Trying to move past my Iraq war experiences left me with some strange, scary thoughts. Hopelessness. Never wanting to get off the couch. Thoughts of driving my car off a cliff. Everything seemed pointless, useless. I wanted to find a way to escape everything, especially my own thoughts.
I wanted to hit someone, particularly my ex-wife. We screamed at each other for little reason. Once we threw dishes at each other during an argument over how silverware should go in the dishwasher.
Luckily, I found a cure.
Now I am about to graduate Texas Wesleyan University, go to work, find hope. A career in social media marketing beckons. Life’s worth doing. Before long, I also hope to be a licensed river raft guide. Goals have been set, met, and surpassed.
Things are almost perfect. The problem is, my cure can cost me everything. I could be fired from my job, put in jail, become a felon, or worse.
Like thousands of other veterans, I have discovered that marijuana is better for treating Post-Traumatic Stress Disorder than prescription pills. And it’s maybe the best option out there. Pot can only be safer than pharmaceuticals in the long run.
But pot is also illegal in Texas and many other states. But for me, the risk is worth taking because without it, I’d be a short-fuse cannon on the verge of exploding.
Taking my father’s advice, I joined the Army in 2007 when I was 22. Smoking weed was never an option. If you fail a drug test in the service, you can lose rank, benefits, and freedom. The promise of an honorable discharge and its benefits motivated me to stay clean.
During my combat medic training at Fort Sam Houston, I got married. We were sent to 4th Infantry Division, 7-10 Cavalry at Fort Hood, in Killeen, Texas. Shortly after arriving, my unit was deployed to Iraq. My new wife was devastated and scared. My unit deployed to South Baghdad at Forward Operating Base Falcon in March 2008. Upon our arrival, my unit was escorted to its temporary quarters –– fabric tents surrounded by large concrete barriers. Around 3 a.m., I heard sounds like loud whistles buzzing just above my head. The top of the tents swayed as the incoming missiles just barely missed us but hit with a devastating force that blew my t-shirt back.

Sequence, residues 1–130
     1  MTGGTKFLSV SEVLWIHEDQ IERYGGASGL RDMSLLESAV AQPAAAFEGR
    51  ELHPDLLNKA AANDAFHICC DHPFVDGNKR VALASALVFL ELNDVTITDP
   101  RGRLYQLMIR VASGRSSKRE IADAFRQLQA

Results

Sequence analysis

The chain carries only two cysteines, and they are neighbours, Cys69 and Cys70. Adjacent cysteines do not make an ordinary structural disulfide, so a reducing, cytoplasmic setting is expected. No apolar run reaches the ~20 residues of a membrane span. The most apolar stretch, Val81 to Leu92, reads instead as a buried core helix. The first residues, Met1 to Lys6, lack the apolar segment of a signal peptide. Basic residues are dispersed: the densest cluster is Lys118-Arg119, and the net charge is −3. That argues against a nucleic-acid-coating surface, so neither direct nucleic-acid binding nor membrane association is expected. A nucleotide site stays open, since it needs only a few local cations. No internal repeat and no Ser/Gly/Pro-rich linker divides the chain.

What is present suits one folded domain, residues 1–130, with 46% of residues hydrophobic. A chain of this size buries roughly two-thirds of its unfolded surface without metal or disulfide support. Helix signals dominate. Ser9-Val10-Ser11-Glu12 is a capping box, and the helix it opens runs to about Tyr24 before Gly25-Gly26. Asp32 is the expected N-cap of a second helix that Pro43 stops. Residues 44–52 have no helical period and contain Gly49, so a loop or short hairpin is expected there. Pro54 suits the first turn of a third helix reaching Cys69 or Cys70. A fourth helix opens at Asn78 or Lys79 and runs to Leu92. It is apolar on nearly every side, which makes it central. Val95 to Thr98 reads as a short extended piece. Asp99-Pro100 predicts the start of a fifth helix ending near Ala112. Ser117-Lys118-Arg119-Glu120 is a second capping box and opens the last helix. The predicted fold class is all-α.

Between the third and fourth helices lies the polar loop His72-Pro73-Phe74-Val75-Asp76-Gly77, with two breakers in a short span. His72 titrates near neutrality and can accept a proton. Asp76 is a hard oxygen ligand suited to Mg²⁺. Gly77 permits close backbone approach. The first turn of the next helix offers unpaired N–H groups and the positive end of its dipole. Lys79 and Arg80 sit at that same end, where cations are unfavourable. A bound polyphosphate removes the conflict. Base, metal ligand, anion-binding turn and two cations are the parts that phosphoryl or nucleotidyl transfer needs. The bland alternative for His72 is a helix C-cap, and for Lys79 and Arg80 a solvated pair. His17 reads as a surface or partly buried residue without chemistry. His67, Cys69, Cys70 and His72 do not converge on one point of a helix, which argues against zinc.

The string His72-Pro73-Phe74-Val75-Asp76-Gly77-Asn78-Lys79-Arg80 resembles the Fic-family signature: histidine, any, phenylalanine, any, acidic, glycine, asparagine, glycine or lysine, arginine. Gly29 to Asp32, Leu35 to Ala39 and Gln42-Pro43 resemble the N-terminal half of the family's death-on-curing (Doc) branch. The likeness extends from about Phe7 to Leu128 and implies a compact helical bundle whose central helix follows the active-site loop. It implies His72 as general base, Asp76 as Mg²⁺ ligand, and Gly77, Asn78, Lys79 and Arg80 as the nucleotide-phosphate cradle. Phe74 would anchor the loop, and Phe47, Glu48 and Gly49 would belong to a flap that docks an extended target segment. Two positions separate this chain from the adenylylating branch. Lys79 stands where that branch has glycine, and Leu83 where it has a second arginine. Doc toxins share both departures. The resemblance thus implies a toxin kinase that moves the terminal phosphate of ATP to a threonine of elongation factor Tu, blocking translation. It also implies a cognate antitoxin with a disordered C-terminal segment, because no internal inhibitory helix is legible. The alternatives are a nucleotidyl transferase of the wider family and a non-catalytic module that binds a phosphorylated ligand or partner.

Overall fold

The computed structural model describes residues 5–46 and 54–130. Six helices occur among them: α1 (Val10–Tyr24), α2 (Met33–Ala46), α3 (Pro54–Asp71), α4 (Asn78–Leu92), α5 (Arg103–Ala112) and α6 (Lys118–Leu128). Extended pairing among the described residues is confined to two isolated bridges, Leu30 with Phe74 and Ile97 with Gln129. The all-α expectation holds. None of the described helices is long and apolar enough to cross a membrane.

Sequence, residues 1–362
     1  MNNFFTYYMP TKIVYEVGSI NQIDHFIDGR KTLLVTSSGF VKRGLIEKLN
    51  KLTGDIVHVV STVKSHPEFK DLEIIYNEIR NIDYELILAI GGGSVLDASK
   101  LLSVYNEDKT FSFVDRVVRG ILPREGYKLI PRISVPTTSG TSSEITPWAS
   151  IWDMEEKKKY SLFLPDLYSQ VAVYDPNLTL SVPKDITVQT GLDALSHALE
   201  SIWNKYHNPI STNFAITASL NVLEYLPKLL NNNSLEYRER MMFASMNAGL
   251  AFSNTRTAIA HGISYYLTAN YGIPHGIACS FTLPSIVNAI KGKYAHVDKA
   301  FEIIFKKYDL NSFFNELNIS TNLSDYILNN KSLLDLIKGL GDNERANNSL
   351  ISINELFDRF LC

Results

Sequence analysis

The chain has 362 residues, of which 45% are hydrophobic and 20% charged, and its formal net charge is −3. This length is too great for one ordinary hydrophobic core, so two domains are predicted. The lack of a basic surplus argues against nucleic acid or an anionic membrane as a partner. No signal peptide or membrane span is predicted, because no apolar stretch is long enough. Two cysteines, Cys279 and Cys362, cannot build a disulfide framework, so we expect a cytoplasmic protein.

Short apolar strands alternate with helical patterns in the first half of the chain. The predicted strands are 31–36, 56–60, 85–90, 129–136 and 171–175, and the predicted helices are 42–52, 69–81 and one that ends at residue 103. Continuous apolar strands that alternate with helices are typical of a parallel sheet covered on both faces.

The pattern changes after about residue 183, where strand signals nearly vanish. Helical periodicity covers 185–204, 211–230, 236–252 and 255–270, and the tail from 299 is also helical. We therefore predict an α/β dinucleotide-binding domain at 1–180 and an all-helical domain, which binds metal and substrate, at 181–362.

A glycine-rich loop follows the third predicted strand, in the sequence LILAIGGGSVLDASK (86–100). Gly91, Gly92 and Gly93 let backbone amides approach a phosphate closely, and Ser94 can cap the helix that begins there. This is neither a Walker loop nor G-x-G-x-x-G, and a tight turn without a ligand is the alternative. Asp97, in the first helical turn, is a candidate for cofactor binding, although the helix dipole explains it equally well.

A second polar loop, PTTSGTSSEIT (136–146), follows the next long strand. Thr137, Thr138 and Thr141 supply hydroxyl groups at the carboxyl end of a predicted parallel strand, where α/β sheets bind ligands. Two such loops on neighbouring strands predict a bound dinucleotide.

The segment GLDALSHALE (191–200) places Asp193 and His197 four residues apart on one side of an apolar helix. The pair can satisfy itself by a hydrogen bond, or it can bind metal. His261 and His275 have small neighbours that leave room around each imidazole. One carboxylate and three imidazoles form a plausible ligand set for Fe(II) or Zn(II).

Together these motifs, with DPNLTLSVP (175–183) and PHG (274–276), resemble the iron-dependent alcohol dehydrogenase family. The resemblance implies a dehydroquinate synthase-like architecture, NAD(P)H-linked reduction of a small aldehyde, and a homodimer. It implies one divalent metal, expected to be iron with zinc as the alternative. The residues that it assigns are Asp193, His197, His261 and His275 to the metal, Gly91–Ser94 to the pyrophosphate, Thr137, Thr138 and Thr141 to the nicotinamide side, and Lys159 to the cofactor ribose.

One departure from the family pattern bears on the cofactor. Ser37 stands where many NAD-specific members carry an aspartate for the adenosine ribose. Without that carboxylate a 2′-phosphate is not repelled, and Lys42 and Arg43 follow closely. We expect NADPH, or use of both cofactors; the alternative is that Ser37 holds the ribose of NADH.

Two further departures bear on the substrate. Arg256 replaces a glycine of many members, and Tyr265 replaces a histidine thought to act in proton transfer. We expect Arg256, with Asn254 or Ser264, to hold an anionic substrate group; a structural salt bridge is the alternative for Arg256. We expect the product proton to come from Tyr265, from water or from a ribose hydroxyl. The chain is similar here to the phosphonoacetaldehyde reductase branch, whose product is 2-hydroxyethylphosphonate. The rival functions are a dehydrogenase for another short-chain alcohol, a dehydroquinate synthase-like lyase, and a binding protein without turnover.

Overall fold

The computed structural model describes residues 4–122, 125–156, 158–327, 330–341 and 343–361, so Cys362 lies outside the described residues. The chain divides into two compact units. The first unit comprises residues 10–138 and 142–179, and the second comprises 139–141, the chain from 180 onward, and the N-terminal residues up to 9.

Boom! Boom! Boom!
My comrades jumped out of bed in their underwear and grabbed their boots, helmets, and rifles: 30 guys squeezed into a 5-by-5-foot concrete bunker.
This was my first night in Iraq.
My medic duties took me to several different platoons while stationed in Iraq. I was placed with a mortar platoon and a tactical response platoon, and I even drove my company commander’s vehicle. As a medic, it was my job to take care of the injured, the bleeding, the dead. We were lucky not to have lost any friends, but death was everywhere and often. You woke up every day wondering, “Am I going to die today?” The odds were 50-50 every time you left your post. We would talk about returning home and getting out of the Army a lot. “What are you going to do when you get home?” became the most frequent topic.
Coming home was like a dream come true. At first, our mission was completed in March 2009. The feeling of relief was almost indescribable.
The days of pure joy didn’t last. I soon noticed a change in myself. I couldn’t shake the shadow of death that I’d picked up during my deployment. The feeling of constant danger was permanent now and left me not wanting to be around large groups. My temper got bad and my fuse short. My wife and I fought constantly, often over small issues, and we would have to separate to keep from getting physical.
After only four months, the Army consolidated the 4th ID to Fort Carson, in Colorado Springs, Colorado. It was beautiful there. My wife and I loved taking long hikes in the mountains with my dogs, and we tried to stay active.
Although the scenery had changed, my anxieties were getting worse. The doctors identified my PTSD symptoms and offered me pills.
In 2009, the State of Colorado allowed medical marijuana use for PTSD. The Army said no way.
In 2009, Colorado Springs had nine dispensaries in the city. By 2010, there were more than 100. This industry boom first drew my attention to the medical marijuana industry. One year later, I was honorably discharged.
After returning to Texas, my wife and I got divorced. She did not want a pothead for a husband.